Built for the future

as featured in
This forward-looking office building offers client-adaptable workspaces, environmental sustainability, and expansive floorplates
view of the winter garden area with seating apartment, architecture, ceiling, condominium, daylighting, home, house, interior design, real estate, window, gray
view of the winter garden area with seating area

Comprising a five level base and a 12 floor office tower, 700 Collins Street was designed jointly by Peddle Thorp Architects and Planners and Bligh Voller Nield. The former provided the driving force behind the development, while Bligh Voller Nield created the design concept.

Project coordinator for Peddle Thorp, Garry Calderwood says the H-shaped development expresses a new office typology large, flexible floors in a low height built form.

"The 6m-high, 20m-wide formal entry extends 10m into the building and echoes the scale of the office spaces overhead," says Calderwood.

From the foyer, separate stairways link retail verandahs running along the building at street level and the base building's carparking levels.

The brief for an adaptable, futureproof buildinggave rise to two innovative design elements, says Bligh Voller Nield's Bill Dowzer who took over from the original design principal Jon Voller.


view of the foyer with giant sea mural space, technology, blue
view of the foyer with giant sea mural

"One was the expansive floorplates and the other was the concept of flexible Wintergarden atriums," says Dowzer. "The building comprises open floors with a central core, or Wintergarden zone. The net lettable area of the floors varies from a minimum of 2300m² to a maximum of 2670m², depending on the use of the Wintergarden areas."

All 12 Wintergardens are the private domain of tenants of the building. Their flexibility means tenants can tailor them to individual needs.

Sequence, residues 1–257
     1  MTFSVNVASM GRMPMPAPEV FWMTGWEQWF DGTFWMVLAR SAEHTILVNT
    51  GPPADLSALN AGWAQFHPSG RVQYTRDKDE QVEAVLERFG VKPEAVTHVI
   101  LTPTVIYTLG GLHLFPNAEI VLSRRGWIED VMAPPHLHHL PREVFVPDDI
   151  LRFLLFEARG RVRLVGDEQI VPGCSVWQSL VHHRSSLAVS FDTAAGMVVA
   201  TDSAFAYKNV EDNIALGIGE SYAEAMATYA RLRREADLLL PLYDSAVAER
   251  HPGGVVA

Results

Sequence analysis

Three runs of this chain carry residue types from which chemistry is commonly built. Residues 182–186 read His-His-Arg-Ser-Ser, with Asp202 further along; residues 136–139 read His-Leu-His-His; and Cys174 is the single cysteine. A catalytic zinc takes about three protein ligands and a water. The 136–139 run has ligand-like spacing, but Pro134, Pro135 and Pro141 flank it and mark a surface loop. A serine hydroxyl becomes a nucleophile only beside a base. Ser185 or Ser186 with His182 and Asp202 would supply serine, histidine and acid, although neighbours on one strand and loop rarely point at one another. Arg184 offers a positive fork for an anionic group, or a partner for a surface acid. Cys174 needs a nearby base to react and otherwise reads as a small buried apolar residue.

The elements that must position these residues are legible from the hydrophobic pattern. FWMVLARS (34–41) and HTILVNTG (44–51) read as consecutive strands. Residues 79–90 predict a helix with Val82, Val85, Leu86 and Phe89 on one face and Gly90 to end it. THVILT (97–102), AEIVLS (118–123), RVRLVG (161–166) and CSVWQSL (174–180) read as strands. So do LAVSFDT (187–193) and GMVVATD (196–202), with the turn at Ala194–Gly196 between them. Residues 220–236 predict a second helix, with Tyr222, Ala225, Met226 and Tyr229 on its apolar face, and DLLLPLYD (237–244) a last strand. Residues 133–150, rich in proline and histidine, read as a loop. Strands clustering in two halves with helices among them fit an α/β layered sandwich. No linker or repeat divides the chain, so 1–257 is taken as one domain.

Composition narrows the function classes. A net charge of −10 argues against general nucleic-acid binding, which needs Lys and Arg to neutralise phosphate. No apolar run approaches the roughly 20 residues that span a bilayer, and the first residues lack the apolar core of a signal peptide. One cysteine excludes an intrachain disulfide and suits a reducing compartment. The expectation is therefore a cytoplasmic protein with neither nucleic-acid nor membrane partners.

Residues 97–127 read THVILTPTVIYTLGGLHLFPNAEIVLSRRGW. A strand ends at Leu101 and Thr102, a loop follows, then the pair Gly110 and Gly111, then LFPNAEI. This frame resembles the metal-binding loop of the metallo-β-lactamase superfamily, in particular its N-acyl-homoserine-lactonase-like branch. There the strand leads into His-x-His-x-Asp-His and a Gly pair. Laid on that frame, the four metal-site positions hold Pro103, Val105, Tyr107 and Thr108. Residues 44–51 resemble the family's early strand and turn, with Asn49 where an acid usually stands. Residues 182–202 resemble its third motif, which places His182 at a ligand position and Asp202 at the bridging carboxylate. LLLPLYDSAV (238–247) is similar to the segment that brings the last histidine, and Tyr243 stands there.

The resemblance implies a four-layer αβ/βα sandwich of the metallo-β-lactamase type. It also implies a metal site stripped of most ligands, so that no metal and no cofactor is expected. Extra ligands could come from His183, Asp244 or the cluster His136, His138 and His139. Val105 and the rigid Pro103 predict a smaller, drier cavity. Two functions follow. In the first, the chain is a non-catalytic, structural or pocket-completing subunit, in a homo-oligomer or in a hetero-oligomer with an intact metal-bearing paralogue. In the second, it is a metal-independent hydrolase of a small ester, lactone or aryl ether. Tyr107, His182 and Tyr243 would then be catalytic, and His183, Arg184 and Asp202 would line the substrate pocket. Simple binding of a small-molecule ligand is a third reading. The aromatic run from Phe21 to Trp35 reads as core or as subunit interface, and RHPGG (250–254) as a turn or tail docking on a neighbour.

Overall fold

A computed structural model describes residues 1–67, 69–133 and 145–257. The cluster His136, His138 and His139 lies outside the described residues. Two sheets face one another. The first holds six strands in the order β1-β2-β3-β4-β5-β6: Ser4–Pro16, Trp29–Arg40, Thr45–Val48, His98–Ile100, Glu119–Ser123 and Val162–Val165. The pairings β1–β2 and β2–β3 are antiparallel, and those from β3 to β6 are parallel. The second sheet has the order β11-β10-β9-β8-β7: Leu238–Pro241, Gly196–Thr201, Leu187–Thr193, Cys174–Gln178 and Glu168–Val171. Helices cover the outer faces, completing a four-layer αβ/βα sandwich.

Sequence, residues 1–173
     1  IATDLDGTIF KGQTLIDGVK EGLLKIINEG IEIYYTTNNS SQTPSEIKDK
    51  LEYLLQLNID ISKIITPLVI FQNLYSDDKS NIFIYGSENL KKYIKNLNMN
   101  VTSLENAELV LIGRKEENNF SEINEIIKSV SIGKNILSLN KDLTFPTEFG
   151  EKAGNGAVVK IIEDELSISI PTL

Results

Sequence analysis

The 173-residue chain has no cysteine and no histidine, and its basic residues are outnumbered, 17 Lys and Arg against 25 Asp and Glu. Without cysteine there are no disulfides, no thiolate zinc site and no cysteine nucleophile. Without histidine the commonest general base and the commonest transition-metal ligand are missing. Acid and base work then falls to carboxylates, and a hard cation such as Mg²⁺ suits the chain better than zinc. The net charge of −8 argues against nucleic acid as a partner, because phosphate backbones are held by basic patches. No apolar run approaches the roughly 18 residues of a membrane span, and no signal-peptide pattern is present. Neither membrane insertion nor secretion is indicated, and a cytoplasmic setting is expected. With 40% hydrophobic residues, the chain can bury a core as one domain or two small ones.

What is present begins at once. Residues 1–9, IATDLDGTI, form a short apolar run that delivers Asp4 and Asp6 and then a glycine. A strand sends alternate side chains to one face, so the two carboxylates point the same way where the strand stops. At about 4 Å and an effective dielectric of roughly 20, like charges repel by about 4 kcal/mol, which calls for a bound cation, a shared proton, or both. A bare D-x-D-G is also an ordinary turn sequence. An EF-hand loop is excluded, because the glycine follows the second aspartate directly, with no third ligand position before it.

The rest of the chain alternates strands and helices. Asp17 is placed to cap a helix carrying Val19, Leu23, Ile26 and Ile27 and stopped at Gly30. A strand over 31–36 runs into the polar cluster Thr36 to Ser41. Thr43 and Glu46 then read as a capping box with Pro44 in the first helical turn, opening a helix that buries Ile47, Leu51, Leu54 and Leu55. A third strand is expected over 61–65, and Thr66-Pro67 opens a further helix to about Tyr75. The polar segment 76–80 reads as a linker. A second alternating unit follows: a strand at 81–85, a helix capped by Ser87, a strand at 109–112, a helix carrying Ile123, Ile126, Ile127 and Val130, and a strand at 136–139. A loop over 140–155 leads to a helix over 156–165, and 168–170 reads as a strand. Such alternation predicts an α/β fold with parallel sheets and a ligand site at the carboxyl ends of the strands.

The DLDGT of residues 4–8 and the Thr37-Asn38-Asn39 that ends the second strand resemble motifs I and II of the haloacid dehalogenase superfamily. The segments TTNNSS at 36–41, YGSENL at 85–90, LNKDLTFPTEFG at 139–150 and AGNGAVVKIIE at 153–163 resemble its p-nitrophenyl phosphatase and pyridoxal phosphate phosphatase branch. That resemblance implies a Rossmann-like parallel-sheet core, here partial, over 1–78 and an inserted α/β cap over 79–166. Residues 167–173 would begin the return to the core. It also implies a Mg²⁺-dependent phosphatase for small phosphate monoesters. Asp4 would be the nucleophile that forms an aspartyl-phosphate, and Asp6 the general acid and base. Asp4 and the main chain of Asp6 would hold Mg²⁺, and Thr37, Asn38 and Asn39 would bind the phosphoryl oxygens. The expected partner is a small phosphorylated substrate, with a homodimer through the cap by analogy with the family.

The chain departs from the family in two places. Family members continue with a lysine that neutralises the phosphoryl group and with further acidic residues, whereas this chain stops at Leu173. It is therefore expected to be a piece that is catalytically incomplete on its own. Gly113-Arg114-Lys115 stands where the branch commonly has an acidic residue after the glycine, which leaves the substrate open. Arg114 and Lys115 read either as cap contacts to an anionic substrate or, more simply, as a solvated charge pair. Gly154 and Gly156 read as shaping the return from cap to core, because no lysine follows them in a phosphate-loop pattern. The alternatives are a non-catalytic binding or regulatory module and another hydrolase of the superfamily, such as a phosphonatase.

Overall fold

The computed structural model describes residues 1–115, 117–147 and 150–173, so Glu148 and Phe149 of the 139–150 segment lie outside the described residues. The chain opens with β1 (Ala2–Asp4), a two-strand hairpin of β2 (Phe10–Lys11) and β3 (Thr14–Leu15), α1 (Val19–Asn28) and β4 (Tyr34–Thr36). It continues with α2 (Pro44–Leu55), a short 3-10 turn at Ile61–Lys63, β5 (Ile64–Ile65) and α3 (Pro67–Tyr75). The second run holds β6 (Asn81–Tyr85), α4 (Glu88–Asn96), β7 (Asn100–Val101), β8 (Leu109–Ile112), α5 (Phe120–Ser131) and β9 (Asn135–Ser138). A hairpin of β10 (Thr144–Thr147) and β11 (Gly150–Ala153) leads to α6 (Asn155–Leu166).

"They could become a forest of trees, a creek bed, a lawn, or a dramatic office foyer and client area with inter-floor open stairs," says Dowzer.

The Wintergarden atriums contribute to another important aspect of the building sustainability.

"Mixed mode air systems in the zones minimise energy usage and maximise air quality. In a sense these zones are the lungs of the building," says Dowzer. "Located to the east and west, they also flood light into the expansive floor plates."

view of the winter garden area with seating apartment, architecture, ceiling, condominium, daylighting, home, house, interior design, real estate, window, gray
view of the winter garden area with seating area

The building has attracted a four star energy rating and meets VicUrban's Ecologically Sustainable Development guidelines.

"The facade has been designed to take other factors into account as well as solar energy. These include maximising views and breaking down the scale of the expansive floor plates," says Dowzer.

For details, contact Peddle Thorp Architects and Planners, Level 28, 140 Williams St, Melbourne, VIC 3000, phone (03) 9602 4766.

Jun 14, 2005
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